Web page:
Food for thought: Investigating food and beverage curricula in Australian hospitality degree programs

Robinson, Richard N. S., Breakey, Noreen M. and Craig-Smith, Stephen J. (2010) Food for thought: Investigating food and beverage curricula in Australian hospitality degree programs. Journal of Hospitality and Tourism Education, 22 1: 32-43.

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Author Robinson, Richard N. S.
Breakey, Noreen M.
Craig-Smith, Stephen J.
Title Food for thought: Investigating food and beverage curricula in Australian hospitality degree programs
Journal name Journal of Hospitality and Tourism Education   Check publisher's open access policy
ISSN 1096-3758
Publication date 2010-01-29
Year available 2010
Sub-type Article (original research)
Volume 22
Issue 1
Start page 32
End page 43
Total pages 12
Place of publication Washington, DC, U.S.A.
Publisher International CHRIE
Collection year 2011
Language eng
Abstract Previous research has identified several models which higher education institutions might adopt in approaching the delivery of food and beverage (F&B) studies. This study investigates the various models adopted in the delivery of Australian hospitality degree programs. A two phase research design is employed. An initial time-series institutional case study informed the second phase, an Australian nation-wide survey of all hospitality degree programs. The findings suggest that overall F&B content is given space in most hospitality curricula but that there is a complexity of models apparent. A level of inconsistency and several potential gaps in relation to F&B program content have been observed. Given F&B is an integral component of hospitality these findings may inform industry stakeholders, hospitality educators and undergraduate program directors. [ABSTRACT FROM AUTHOR]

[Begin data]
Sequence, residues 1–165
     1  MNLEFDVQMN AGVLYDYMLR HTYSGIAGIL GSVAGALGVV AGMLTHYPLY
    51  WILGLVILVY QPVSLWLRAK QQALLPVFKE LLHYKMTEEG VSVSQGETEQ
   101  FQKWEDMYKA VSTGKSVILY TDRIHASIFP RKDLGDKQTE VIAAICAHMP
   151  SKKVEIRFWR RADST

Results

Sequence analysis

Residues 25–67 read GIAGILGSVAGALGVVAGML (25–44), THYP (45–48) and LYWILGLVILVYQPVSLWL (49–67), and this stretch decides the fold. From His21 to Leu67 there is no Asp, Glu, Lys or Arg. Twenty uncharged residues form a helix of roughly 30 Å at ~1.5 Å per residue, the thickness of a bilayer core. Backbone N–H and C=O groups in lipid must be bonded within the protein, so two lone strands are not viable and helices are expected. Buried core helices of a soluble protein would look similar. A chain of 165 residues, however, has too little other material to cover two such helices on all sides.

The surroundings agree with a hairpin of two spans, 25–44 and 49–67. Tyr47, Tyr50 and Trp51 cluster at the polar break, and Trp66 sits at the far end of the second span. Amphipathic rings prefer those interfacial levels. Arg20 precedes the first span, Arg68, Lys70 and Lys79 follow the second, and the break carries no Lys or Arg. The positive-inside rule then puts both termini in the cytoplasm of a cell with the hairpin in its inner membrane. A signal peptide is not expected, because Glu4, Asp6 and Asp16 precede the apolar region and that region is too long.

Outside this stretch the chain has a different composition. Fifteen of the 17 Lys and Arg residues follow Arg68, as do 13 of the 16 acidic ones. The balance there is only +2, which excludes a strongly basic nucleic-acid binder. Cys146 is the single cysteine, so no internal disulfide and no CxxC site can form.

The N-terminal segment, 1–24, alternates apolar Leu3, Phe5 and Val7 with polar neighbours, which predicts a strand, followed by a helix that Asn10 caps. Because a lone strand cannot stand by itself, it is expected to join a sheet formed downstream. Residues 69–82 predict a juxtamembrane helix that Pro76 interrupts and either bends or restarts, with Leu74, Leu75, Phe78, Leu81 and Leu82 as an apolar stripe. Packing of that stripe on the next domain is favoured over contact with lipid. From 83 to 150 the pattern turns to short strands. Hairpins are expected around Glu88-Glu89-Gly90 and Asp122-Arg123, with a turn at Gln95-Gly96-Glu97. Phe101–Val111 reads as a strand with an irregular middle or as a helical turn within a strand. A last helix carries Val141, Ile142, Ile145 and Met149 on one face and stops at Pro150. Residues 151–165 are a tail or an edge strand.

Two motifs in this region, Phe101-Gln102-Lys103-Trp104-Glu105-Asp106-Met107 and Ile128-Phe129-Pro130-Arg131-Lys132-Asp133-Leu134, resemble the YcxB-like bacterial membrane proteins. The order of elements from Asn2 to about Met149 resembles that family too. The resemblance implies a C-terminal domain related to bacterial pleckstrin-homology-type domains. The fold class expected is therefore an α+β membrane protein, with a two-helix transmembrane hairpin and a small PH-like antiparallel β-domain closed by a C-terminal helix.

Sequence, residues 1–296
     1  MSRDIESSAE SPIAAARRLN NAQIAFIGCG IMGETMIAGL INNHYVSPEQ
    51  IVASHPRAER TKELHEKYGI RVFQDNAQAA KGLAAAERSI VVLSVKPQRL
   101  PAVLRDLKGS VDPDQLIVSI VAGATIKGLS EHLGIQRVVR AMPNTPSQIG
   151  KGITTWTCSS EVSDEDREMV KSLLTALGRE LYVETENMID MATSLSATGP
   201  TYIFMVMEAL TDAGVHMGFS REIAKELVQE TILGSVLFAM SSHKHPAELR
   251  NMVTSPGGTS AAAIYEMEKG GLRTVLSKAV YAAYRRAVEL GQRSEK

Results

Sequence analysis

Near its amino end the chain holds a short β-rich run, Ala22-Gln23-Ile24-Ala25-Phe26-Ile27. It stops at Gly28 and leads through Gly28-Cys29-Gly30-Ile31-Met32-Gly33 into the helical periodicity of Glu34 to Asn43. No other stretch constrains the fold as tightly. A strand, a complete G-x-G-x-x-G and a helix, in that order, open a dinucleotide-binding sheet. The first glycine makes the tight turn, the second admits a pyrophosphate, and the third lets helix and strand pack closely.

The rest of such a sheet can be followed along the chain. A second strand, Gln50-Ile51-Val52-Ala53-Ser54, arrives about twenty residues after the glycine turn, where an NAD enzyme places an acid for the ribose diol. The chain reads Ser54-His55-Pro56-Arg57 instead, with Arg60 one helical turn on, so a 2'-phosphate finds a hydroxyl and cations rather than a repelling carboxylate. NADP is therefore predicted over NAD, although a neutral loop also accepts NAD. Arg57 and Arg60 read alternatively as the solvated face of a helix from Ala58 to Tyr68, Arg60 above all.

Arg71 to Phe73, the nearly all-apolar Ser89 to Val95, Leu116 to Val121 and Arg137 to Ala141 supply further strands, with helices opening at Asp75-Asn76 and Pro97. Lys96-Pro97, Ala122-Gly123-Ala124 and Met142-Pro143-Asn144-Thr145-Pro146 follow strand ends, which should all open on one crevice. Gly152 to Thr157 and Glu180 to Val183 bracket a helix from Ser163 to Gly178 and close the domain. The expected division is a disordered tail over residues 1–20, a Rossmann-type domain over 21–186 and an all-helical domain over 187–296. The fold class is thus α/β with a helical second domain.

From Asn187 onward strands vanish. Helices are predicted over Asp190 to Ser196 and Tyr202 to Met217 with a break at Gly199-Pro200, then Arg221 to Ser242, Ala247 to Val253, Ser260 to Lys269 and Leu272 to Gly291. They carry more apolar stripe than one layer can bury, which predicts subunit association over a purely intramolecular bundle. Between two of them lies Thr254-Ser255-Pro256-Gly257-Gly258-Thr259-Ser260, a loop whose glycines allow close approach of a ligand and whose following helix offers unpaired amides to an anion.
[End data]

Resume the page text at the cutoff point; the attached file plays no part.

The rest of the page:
Keyword Education
Food and beverage
Hospitality
Q-Index Code C1
Q-Index Status Confirmed Code
Institutional Status UQ

Document type: Journal Article
Sub-type: Article (original research)
Collections: Official 2011 Collection
UQ Business School Publications
 
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Created: Mon, 29 Nov 2010, 14:00:22 EST by Mr Richard Robinson on behalf of School of Tourism